They heat up really quickly and this greatly reduces your cooking time.
3. The Propane Tank Guarantees You a Lot of Cookouts
A full 20 lb tank of propane will provide you with about 10 to 20 hours of cooking time, depending on the size of your grill and how you cook.
In general, expect the tank will last about 16 hours.
This is enough for many different occasions.
4. There Is No Ash to Clean Up
Gas grills don’t produce any ash and this means that there will be none of it to clean up when you are done cooking.
Gas grills are easier to use than charcoal grills.
They have a knob that allows you to regulate the heat when cooking and this makes them convenient.
When you run out or are low on fuel, you just replace the propane tank (if you have a natural gas line, then you’re in luck as you have pretty much unlimited fuel) which takes only a few minutes.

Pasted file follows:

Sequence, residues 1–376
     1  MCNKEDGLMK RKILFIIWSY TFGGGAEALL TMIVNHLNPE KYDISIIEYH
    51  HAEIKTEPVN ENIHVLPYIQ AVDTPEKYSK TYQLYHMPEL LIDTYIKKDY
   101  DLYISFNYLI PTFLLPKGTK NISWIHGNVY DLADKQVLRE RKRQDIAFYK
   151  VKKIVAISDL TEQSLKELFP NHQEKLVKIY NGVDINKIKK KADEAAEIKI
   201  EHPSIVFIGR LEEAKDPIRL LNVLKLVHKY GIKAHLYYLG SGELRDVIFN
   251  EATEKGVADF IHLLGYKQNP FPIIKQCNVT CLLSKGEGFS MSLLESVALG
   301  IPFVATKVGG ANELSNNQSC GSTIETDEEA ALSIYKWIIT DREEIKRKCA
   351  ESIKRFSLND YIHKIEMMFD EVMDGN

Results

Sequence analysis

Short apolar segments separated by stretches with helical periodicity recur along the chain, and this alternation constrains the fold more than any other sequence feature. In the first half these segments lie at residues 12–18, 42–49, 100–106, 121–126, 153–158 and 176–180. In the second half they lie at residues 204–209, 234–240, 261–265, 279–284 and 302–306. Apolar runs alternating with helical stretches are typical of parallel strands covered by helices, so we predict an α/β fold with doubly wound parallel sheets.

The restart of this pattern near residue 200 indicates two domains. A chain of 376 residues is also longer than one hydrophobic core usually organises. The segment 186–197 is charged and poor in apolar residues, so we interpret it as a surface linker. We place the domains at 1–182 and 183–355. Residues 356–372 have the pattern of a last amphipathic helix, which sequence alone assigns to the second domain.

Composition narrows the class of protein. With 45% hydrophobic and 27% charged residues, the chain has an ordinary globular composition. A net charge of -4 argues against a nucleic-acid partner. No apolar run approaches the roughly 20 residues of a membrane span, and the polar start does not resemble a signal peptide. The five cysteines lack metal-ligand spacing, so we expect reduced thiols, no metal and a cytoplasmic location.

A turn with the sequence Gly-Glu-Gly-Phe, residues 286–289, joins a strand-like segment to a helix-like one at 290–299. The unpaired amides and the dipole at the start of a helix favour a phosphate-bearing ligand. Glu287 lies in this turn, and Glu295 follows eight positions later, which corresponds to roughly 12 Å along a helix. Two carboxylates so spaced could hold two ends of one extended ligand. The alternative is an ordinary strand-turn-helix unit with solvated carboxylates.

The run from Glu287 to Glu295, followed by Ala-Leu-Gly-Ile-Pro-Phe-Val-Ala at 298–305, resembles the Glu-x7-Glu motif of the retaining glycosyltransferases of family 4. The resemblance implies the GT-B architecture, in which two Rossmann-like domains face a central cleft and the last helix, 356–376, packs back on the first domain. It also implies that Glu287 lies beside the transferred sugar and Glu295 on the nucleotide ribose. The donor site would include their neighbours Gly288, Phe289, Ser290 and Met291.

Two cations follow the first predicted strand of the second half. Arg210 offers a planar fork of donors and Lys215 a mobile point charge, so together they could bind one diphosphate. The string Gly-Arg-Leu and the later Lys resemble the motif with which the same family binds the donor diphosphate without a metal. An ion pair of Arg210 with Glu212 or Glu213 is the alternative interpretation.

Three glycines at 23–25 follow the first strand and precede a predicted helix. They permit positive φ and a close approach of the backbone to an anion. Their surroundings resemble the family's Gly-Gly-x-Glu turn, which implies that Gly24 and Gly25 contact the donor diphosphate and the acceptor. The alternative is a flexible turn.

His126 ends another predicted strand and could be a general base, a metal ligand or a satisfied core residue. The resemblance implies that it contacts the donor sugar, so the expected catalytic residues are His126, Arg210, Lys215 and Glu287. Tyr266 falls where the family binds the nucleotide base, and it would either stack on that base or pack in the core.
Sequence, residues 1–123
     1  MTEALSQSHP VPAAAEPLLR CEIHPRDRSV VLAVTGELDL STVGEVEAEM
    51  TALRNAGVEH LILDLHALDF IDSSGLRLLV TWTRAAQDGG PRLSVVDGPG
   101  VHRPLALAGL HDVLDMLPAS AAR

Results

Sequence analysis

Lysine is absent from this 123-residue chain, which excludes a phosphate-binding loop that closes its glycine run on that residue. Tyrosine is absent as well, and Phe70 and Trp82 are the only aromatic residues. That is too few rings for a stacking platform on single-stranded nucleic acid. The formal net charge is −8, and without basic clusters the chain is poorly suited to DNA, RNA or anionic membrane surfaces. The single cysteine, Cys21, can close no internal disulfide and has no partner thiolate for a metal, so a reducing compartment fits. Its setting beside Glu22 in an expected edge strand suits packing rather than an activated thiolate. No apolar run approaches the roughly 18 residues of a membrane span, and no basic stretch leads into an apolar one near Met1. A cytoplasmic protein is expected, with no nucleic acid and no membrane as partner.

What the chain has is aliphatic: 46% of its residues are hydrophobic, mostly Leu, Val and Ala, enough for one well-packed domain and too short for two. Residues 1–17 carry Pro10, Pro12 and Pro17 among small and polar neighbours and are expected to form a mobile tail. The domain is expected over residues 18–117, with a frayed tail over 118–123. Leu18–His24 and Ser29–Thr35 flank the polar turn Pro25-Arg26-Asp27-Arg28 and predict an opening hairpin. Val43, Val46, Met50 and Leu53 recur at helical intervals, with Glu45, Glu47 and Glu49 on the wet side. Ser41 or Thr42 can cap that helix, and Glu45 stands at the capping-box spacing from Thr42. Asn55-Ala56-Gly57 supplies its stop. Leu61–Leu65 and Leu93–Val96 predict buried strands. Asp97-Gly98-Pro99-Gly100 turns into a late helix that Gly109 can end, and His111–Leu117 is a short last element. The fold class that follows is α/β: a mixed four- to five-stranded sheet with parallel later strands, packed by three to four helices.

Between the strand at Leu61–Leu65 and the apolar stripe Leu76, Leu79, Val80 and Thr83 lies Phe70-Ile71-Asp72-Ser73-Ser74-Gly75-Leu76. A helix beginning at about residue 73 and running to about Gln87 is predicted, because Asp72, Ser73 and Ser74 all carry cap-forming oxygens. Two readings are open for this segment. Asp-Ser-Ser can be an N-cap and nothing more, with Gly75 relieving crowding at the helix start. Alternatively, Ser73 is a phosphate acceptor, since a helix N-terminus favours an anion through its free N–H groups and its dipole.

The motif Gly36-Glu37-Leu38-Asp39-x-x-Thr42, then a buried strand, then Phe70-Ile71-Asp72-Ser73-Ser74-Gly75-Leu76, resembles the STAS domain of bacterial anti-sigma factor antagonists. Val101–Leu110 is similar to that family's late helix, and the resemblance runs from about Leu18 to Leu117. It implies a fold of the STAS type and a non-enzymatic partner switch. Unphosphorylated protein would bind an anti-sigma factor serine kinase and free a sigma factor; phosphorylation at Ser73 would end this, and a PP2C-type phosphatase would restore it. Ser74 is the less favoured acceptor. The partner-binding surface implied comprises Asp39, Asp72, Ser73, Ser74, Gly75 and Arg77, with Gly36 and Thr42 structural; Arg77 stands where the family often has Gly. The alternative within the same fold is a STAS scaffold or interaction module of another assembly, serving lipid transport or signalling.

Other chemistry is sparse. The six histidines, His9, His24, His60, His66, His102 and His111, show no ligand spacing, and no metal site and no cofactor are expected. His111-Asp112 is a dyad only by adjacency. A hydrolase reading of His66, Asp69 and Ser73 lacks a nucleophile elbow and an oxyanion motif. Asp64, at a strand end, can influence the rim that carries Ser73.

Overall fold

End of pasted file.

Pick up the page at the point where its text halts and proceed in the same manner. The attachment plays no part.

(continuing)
With charcoal, you need to wait for the new coals to heat up and this takes time.
6. Cheaper Fuel
Propane is much cheaper than charcoal and natural gas is even cheaper than propane.
According to Crown Verity, you spend only $0.60 when you fire up your gas grill.
Because of this, you’ll less often replace your propane tank than a bag of charcoal, meaning you’ll save on time and gasoline because you won’t go to the store that often.
The Disadvantages of Gas Grills
Gas grills are not without drawbacks and some of them include:
Gas grills are more expensive than their charcoal brethren.
The cost rises with an increase in the cooking surface and the number of burners.
The reason for this high price tag is their complexity: they have more components than charcoal grills.
More parts equal more money in case of breakage.